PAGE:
National Cheese Day: June 4

National Cheese Day is a delightful celebration that pays homage to one of the world’s most beloved and versatile foods: cheese

June 4 is National Cheese Day. Not to be confused with other popular cheese related holidays like Grilled Cheese Day, Cheesecake Day, or Mac and Cheese Day. This day is in reverence of the queen of all dairy, the big cheese.

History of National Cheese Day

Cheese making is an ancient, some might even say, sacred craft. So ancient it predates recorded history. It is speculated that the magic of cheese making began somewhere around 8000 BC, shortly after the domestication of animals.

Archeological digs have found evidence of cheese around the world including strainers coated in milk-fat molecules in Kuyavia, Poland dated around 5500 BC, murals in Egypt dated at 2000 BC, and an artifact of preserved cheese in Xinjiang, China believed to be more than 3,000 years old. European Imperialism took their styles of cheese through Asia, sub-Saharan Africa, and eventually to the Americas.

The most popular cheese of all is mozzarella. This delicious and pizza topping cheese was first created near Naples from the rich milk of water buffalos. At the time, it rarely left its home near Naples as it was made from pasteurized milk and a lack of refrigeration meant it had a very short shelf life. As both cheese technology and refrigeration systems advanced, this delicious cheese left the southern region of Italy and traveling around the world. 

There are two types of mozzarella produced within the United States—low moisture and high moisture. Low moisture mozzarella has a moisture content less than 50 percent while high moisture has a content of over 52 percent. Low moisture is made specifically for transportation and mass production as the lack of moisture gives it a longer shelf life.

Today, cheese dishes can be found on every continent served savory, sweet, melted, deep fried, and even chilled in ice cream. This household staple can still satisfy any craving after thousands of years.

National Cheese Day © Rex Vogel, all rights reserved

President Calvin Coolidge came from a family of cheesemakers

Visitors to the President Calvin Coolidge State Historic Site in Plymouth Notch, Vermont can walk the grounds of the 30th President’s homeplace and burial—and even tour his family’s cheese factory. President Coolidge’s father, John, founded the family cheesemaking business in 1890 as a way to monetize extra milk from his dairy farm.

Despite regional success, Plymouth Cheese shuttered amid the Great Depression, a few years after Coolidge’s time in office ended. However, the family business was revived in 1960 when Coolidge’s son restored the factory and resumed cheese production.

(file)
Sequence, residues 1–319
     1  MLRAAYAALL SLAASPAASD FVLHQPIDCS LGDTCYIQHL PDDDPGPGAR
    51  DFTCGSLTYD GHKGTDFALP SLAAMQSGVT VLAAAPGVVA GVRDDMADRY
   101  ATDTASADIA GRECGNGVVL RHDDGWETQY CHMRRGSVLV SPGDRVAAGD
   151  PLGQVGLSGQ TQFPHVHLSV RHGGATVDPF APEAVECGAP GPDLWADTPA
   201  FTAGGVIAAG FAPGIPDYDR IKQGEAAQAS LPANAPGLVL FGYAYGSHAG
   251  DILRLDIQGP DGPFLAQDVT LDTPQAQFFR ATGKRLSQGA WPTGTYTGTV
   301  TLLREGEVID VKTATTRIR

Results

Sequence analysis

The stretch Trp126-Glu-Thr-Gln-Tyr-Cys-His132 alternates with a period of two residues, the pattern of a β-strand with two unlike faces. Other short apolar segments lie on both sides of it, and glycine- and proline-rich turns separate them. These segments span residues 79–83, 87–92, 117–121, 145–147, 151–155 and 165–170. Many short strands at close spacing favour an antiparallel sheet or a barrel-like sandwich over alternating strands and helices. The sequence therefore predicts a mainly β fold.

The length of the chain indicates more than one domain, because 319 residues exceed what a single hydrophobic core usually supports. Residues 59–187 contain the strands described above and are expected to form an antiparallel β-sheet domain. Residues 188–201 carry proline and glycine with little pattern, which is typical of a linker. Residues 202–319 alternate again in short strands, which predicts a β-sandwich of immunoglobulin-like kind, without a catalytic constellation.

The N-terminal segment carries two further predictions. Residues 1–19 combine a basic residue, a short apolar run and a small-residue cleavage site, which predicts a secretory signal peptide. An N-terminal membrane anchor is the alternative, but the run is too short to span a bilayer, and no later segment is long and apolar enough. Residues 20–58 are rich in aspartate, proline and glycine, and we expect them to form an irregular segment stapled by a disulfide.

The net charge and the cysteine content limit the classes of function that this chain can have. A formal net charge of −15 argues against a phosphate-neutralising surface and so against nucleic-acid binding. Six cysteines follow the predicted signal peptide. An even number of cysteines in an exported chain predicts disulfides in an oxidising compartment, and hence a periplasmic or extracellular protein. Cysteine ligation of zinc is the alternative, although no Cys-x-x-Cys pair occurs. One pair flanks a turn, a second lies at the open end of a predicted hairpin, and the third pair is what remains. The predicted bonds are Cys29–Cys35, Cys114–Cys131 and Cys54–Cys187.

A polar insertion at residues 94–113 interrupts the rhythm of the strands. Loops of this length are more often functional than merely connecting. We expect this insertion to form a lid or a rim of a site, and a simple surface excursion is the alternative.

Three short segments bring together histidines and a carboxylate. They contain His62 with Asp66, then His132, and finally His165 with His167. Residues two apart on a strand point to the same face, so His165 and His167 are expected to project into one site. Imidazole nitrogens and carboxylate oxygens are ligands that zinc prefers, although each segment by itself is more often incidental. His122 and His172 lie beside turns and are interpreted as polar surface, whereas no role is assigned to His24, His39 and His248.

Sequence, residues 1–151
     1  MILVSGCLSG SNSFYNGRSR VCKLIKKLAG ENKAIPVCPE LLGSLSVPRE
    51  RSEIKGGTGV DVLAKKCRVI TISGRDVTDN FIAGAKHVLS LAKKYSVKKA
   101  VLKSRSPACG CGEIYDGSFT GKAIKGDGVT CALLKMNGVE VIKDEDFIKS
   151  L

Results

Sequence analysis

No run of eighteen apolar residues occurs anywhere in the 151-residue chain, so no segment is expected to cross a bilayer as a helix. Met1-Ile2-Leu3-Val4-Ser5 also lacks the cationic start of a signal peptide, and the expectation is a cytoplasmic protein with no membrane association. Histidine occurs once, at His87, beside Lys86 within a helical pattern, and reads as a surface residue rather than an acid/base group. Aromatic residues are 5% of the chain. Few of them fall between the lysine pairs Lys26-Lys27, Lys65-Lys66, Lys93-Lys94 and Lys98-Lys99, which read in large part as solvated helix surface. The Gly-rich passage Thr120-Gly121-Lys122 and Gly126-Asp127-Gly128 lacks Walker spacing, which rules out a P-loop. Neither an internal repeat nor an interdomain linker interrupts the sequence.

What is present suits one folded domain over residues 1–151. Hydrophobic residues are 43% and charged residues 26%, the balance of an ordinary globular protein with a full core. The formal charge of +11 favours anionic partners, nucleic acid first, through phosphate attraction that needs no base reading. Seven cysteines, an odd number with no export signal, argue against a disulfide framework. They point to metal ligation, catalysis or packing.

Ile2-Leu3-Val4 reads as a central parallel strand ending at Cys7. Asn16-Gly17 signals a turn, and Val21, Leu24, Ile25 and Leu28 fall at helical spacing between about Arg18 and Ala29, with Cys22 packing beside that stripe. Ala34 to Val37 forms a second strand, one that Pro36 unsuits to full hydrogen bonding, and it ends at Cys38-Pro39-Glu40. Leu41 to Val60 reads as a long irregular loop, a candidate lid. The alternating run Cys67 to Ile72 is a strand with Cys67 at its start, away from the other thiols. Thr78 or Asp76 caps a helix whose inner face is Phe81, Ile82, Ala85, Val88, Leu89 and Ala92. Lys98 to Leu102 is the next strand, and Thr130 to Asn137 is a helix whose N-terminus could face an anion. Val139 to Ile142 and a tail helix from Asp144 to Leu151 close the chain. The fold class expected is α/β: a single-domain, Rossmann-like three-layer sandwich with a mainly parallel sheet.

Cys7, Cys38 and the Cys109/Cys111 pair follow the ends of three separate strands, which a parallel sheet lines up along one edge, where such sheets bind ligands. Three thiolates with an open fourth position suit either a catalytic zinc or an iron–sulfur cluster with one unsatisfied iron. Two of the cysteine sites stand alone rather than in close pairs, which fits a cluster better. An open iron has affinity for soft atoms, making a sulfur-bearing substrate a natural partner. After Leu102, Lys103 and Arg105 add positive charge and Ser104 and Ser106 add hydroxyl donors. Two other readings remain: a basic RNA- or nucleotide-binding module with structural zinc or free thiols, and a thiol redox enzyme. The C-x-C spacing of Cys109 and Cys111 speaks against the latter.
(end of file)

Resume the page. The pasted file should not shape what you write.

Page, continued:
After three decades, the family business was sold to the state of Vermont with the guarantee it would remain open and operational. Today’s visitors to the historic site can sample the Coolidge family’s original cheddar recipe first created more than 130 years ago. 

National Cheese Day © Rex Vogel, all rights reserved

The world’s hardest cheese can last for up to 20 years

There are countless varieties of cheese found throughout the world from soft goat cheese to the particularly fragrant Limburger. But there’s one type of cheese that has an exceptionally amazing shelf life: chhurpi, a Nepalese cheese that can last up to 20 years. Popularly consumed in remote villages deep in the Himalayas, chhurpi has a smoky flavor and tough consistency; the cheese is so hard it’s typically chewed like gum.

Creating chhurpi starts with milk from yaks, cows, buffaloes, and chauris—an animal that’s a cross between a yak and a cow—which is then fermented for up to a year. Dehydrating the chunks of cheese removes most of its moisture making it safe to eat without refrigeration for up to two decades, a helpful quality in a region where access to fresh foods is somewhat limited.
Whether produced in Nepal or otherwise, all varieties of hard cheese undergo the same process to reach their firm texture and sharp flavor.

Every cheese begins with milk that’s been blended with the bacteria responsible for giving the final product a specific flavor (like Lactococcus lactis used in cheddar, or Streptococcus thermophilus used to make Swiss), and some curds retain more liquid in the shaping and aging process.